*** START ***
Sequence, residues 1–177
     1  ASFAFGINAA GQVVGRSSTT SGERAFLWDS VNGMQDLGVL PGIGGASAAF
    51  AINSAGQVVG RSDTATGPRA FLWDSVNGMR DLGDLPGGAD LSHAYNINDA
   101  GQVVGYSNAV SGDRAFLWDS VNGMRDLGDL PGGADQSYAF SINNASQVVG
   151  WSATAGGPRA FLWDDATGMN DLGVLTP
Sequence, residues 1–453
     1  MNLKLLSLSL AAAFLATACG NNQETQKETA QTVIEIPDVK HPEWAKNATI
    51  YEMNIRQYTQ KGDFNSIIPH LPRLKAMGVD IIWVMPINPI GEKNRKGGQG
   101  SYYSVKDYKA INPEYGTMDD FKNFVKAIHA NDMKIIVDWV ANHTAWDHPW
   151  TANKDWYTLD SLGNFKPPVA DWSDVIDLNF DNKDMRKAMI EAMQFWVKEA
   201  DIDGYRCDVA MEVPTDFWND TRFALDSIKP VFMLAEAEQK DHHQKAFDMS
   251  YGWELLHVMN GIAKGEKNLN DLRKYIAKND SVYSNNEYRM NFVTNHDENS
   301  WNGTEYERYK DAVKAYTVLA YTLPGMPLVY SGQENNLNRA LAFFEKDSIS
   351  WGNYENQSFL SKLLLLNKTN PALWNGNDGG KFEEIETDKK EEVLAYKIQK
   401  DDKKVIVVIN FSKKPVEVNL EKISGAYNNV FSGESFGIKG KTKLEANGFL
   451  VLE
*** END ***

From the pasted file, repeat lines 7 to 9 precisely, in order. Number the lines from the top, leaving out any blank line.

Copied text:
     1  MNLKLLSLSL AAAFLATACG NNQETQKETA QTVIEIPDVK HPEWAKNATI
    51  YEMNIRQYTQ KGDFNSIIPH LPRLKAMGVD IIWVMPINPI GEKNRKGGQG
   101  SYYSVKDYKA INPEYGTMDD FKNFVKAIHA NDMKIIVDWV ANHTAWDHPW